Aging is an unavoidable part of life, and as we grow older our bodies begin to change in a wide variety of ways. Some of them can be alarming, and understanding more about them is important. As women age, problems with their reproductive systems can become common and become stressful. Vaginal bleeding may or may not be a sign of a more serious condition, and for elderly women it is something that is important to pay attention to.
There are numerous potential causes for vaginal bleeding in elderly women. Some of them are the same potential causes of the symptom in younger women, while others are more directly related to the elderly and their bodies. Only a doctor will be able to make a definitive diagnosis, but here are some of the potential causes of this problem. Understanding them can help you know what to expect and what to talk to your doctor about.
Potential Causes of Vaginal Bleeding
Here are some of the potential causes of vaginal bleeding in the elderly.
- Uterine Cancer – Uterine cancer is the most pressing issue that could be causing vaginal bleeding in the elderly. Vaginal bleeding is actually the number one symptom of this condition, and women who are obese, are on estrogen therapy, or went through menopause after the age of 55 are more likely to develop this type of cancer. Early detection can help fight the problem, and a wide range of different treatments might be used. Uterine cancer is the main reason that you need to have vaginal bleeding looked at by a medical professional quickly.
- Urinary Tract Infections – Urinary tract infections can be very painful, reduce one’s ability to go to the bathroom properly, and in severe cases can lead to blood in the urine. Additionally, the infection can lead to spotting or dribbling of urine, which might occur when the woman doesn’t realize it. If that urine is bloody, it can seem like bloody discharge. Urinary tract infections are treatable with antibiotics, and as a result a doctor can usually help with this problem quickly.
- Tumors – The development of tumors and cysts becomes more common as women age, and even if these cysts and polyps are benign they can certainly trigger a wide range of issues including vaginal bleeding. Doctors will detect these growths and run biopsies to determine whether or not they are malignant and what steps to take next. Removal of the growth is usually recommended, though women of very advanced age might be advised to avoid the surgery – especially if the growths are benign.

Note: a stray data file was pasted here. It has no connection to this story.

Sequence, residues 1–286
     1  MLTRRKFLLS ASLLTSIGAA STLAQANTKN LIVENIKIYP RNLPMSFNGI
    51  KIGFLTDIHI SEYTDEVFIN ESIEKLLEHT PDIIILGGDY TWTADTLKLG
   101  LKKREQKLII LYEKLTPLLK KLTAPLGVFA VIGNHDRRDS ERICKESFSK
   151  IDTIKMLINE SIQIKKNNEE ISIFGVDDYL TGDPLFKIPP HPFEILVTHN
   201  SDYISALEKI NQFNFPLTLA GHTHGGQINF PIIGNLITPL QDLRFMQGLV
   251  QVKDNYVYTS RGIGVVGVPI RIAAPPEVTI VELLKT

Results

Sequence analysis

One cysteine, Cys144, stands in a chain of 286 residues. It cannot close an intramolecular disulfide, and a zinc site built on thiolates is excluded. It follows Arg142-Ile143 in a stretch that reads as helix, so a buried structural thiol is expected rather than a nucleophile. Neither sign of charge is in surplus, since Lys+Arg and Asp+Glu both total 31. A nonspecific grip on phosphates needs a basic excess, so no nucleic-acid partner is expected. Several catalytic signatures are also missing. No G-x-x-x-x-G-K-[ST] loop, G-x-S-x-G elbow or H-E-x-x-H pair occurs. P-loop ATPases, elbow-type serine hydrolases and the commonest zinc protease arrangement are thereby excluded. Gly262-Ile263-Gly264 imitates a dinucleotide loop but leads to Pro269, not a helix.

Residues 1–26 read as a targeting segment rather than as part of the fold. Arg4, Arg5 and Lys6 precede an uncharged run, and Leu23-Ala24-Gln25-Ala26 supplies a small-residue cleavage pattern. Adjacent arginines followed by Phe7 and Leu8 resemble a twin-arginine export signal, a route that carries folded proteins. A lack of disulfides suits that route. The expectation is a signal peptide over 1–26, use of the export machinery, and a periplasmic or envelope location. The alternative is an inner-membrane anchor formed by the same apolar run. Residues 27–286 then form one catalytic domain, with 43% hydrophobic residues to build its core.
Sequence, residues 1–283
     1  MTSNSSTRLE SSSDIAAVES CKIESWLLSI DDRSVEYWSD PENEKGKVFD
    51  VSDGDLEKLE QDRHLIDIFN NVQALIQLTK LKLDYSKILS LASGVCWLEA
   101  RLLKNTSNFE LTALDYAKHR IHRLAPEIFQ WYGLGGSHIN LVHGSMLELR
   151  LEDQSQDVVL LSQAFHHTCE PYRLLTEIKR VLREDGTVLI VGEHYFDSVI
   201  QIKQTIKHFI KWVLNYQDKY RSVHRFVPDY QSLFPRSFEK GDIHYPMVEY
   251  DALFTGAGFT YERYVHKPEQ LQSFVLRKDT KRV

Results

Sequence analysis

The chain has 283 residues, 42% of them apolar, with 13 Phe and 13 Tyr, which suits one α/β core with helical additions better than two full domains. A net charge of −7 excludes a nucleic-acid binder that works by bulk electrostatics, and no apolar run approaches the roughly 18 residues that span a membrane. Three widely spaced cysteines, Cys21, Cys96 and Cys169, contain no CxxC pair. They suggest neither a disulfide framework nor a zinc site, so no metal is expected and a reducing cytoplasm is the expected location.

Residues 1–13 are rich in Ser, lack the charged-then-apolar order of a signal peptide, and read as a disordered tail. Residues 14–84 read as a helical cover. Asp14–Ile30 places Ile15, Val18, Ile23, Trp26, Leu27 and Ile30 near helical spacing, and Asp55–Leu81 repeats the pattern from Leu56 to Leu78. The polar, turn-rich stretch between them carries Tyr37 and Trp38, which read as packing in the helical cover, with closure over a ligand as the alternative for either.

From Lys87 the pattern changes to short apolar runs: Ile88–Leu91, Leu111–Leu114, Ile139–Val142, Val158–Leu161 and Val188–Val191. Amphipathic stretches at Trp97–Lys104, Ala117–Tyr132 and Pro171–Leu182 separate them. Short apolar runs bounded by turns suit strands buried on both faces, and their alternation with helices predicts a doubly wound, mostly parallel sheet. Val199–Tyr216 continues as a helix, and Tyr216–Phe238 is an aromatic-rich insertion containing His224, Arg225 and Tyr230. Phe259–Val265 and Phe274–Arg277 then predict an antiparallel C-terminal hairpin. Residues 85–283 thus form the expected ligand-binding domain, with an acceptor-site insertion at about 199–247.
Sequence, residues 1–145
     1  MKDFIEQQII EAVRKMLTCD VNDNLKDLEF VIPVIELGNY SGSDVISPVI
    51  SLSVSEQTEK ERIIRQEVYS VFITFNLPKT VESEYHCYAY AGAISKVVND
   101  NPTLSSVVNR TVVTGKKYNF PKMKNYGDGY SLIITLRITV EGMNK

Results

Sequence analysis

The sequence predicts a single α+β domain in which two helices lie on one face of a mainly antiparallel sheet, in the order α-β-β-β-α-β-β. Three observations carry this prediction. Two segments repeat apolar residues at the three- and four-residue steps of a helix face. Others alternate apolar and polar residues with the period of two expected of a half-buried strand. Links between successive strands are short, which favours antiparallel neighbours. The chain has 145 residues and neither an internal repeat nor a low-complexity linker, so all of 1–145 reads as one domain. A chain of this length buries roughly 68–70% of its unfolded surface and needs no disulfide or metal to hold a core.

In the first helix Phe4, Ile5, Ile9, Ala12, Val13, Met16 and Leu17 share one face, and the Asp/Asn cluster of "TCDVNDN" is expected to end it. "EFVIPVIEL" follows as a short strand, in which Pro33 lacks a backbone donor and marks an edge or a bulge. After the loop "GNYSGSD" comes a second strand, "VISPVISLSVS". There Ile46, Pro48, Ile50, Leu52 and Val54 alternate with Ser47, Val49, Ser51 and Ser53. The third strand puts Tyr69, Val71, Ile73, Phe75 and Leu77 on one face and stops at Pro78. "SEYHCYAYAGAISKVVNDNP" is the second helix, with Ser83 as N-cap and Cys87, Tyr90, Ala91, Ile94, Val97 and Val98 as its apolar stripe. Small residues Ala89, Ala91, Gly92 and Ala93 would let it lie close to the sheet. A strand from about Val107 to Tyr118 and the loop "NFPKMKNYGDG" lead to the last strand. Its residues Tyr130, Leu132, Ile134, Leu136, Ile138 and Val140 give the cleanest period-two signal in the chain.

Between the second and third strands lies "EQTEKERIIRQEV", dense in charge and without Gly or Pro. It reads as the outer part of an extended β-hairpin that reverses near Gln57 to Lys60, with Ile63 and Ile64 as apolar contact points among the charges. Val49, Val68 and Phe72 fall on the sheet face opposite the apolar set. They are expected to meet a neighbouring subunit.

- Kidney Stones – Kidney stones can cause vaginal bleeding in anyone of any age, but as women grow older the risks associated with them increase dramatically. This problem is often very noticeable since it is accompanied by tremendous levels of pain, unlike some of the other causes of vaginal bleeding on this list.
- Hormone Replacement Therapy – A side effect of hormone replacement therapy is that it could trigger various vaginal irritations and also cause vaginal bleeding. Hormone imbalances can lead to issues that trigger bleeding, and the process of bringing those hormones back to where they should be can as well. Doctors will determine whether or not a different kind of hormone replacement might be used and whether or not the bleeding is sufficient to warrant the elimination of this type of therapy, or if it is a minor enough side effect to continue with the therapies.
- Blood Thinners – Older women might have to take a variety of medications, and blood thinners are among them. Blood thinning medication could make it much more likely for vaginal bleeding to occur since the blood will clot less and since it can more easily escape through mucus membranes and other parts of the body – including the vagina. Other medications may also be behind the problem, and reviewing the current medications taken is the first step many doctors will take.
- Inflammation – Various types of infections can lead to inflammation within the vagina, and even minor infections could trigger this response. Inflammation is often accompanied with itching or with pain, and can be caused by everything from fungal infections to yeast infections. As a result it’s important to visit a medical professional to determine the root cause of the inflammation and how best to go about treating it.
- Thinning – After menopause occurs, the levels of estrogen in a woman’s body often drop significantly. When this occurs, a lot of different symptoms might happen but one of the main ones is thinning and weakening of the vaginal lining. This in turn can lead to bleeding that may be slight or could be quite heavy, and a doctor will help you determine the best course of action to take with it.
Determining the Cause of Bleeding
As mentioned above, only a doctor will be able to make a full, accurate diagnosis of what the issue is. The nature of this problem generally means that instead of leaping to an immediate conclusions, medical professionals will eliminate each potential cause until they reach the one that they can’t eliminate. Then, they’ll run additional tests to confirm this diagnosis. They will use a wide range of tests to do so, including:
- Pap smear
- Blood tests
- And more
In the end, the important thing to remember is that you need to have the issue looked at by a medical professional as soon as you possibly can. But don’t let yourself grow too stressed over this issue. There is a chance that it could be quite serious, but also a chance that it is a relatively minor problem that can be cleared up with minimal treatment.
Obviously, your health is important and as a result it’s vital that you treat any potential health problem with the respect it deserves. What may seem like minor spotting could be caused by a much more serious issue, and as a result it’s important that you take the time to set up a doctor’s appointment as soon as you notice that bleeding is an issue. It could very well save your life.